Your kitty has questions and January 22 is the day to be answering them, hence it is known as Answer Your Cat’s Questions Day. What child hasn’t promised their cat that if they just reveal they can speak, they’ll keep the secret? On this special day, we’re listening to each meow and trying to understand just what that cat is getting at – we just wish they had speech bubbles above their head like Garfield!
History of National Answer Your Cat's Questions Day
Though there is some discrepancy over when the first wildcats were domesticated, people in the Near East were definitely living with housecats by 7500 BC, and by the 19th century, we were developing different breeds of cats.
In Ancient Egypt, cats were more than just friends – they were used for social and religious practices, and considered beloved and holy housepets. Cats were so revered they were mummified with the same dignity as humans. Besides that, many of the Egyptian gods had heads of cats and bodies of humans – you can’t get much closer than that!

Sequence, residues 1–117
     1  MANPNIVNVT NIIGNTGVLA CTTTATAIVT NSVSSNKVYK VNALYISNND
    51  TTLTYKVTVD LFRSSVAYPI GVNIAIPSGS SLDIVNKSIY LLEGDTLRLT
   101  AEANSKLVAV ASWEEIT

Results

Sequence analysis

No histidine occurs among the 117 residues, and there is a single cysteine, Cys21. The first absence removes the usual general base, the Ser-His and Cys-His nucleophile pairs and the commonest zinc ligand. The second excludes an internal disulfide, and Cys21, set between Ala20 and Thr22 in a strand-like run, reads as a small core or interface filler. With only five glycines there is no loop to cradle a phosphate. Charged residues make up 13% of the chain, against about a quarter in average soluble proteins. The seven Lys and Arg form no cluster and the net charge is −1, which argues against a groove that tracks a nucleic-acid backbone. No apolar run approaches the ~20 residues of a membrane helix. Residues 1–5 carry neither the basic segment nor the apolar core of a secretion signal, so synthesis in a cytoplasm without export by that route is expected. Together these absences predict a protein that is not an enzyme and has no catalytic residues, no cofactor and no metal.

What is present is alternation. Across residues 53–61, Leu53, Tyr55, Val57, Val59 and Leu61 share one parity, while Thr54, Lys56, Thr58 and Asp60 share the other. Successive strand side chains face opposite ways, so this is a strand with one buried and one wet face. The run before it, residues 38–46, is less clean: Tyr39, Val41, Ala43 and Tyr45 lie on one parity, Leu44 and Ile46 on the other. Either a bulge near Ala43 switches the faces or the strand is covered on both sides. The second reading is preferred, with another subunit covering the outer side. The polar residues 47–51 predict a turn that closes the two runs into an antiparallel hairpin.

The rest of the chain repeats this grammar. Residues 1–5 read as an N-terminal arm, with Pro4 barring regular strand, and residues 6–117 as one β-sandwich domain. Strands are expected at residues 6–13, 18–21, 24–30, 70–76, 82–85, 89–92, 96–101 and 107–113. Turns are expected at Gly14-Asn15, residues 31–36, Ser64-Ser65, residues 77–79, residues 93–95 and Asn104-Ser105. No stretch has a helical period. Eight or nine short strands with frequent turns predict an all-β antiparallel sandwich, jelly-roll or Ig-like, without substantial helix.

While the Ancient Egyptians highly valued cats for their ability to kill venomous snakes, Europeans valued them for their rat and other pest control skills. Cats were passed along by traders from the Romans to the British to the Vikings, where they eventually stamped their passports and headed out to the “New World” with the explorers.
The Middle Ages were a dark mark on cats’ collective record, with rulers at the time believing cats to be the cause of the Black Death that ravaged Europe. Little did they know, cats were more likely to keep the population of rats and fleas in check. Nevertheless, the damage to their reputation was done, and cats wouldn’t restore their public image until the 15th and 16th centuries when they were welcomed aboard ships to keep pests away. It’s often speculated that cats were aboard Christopher Columbus’ ship, and our feline friends disembarked and flourished in America.
Today, we love cats for so much more than their ability to reduce the rat population – so much so that we dedicate a whole day just to pondering what each meow and purr might mean. By 1993, cats outnumbered dogs as the most popular house pets in the nation, and they’re appreciated today for their curiosity, independence, intelligence – and for all their many, many questions.